Just a few weeks after Paula Deen has come under fire for admitting to having used the N-word in the past as part of a lawsuit against her, the wheels have come undone on the Paula Deen empire. The 66-year-old celebrity chef’s contract has not been renewed at the Food Network, her line of cookbooks has been dropped by Ballantine Books, and QVC has no plans in the immediate future to put the woman back on the air. While some of the companies Deen routinely works with have stood by her, many have not, and on Thursday Deen opted to drop her longtime agent in the attempt to go in a new direction.
Up until today, Deen’s agent was Barry Weiner, a New York man who helped the 66-year-old to become a television star nearly a decade ago. It was Weiner who helped Deen to get the Food Network contract that launched her into the public eye and it was Weiner who has helped her to deal with the civil lawsuit her employee Lisa Jackson brought against her, as well as the subsequent media brouhaha that has ensued. He's clearly been her go-to man for a longtime, but that didn't keep her from firing Weiner.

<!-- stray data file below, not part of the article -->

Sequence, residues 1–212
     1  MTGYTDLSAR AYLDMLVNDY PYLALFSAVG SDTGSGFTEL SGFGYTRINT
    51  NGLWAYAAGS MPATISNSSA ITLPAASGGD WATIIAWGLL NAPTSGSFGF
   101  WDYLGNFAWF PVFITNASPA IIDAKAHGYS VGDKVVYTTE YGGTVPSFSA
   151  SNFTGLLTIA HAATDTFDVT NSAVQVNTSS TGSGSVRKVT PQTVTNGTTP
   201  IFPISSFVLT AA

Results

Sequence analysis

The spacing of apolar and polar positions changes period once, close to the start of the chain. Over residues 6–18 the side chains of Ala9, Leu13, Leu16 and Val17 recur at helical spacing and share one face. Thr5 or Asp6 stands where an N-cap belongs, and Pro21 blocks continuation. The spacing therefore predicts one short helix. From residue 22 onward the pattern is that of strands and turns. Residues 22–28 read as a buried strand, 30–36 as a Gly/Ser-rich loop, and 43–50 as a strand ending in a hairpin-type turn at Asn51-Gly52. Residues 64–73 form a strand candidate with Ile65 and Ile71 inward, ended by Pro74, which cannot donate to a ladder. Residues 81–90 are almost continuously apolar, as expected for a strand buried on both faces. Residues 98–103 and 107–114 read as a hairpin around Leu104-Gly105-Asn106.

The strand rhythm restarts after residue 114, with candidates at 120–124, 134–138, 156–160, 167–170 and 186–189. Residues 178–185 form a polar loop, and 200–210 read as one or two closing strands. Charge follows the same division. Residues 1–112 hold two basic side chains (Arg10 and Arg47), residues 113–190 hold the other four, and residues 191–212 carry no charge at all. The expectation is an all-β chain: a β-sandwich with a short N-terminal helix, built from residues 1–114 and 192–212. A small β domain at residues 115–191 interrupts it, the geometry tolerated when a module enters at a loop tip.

Deen’s spokeswoman, Elana Weiss, sent an e-mail to Newsday stating that Weiner had been officially dropped.
"Paula Deen has separated from her agent. She and her family thank him for the tireless effort and dedication over the many years."
That seems like a cold as ice response to losing someone Deen has basically proclaimed as a member of the family over the years, including in her book Paula Deen: It Ain't All About the Cookin'. However, clearly her attempts at warmth haven’t been working, either. Late last month, Deen headed on to the set of Today to apologize to her fans about the controversy, as well as to apologize to the Today crew for missing an appearance right after the controversy broke. She's plumb out of apologies at this point, which means the celebrity chef needs to move in a new direction and that direction apparently doesn’t involve Weiner.
While Deen’s efforts to counterbalance the allegations that she is a racist who has wreaked mental harm on employees in the past have fallen on mostly deaf ears, at least where her sponsors are concerned, Deen doesn’t seem to blame Weiner for botching her image rehabilitation efforts. Instead, she’s likely hoping she will be able to move in a different direction with a different agent on board.Honestly, being let go might actually be good news for Weiner. When the going gets rough, sometime partnerships can weather through and other times it’s a lot better to just part ways. If he had stayed on, Weiner would have had an uphill battle to fight in the future, but as things stand, maybe both he and Deen will be able to find a fresh start.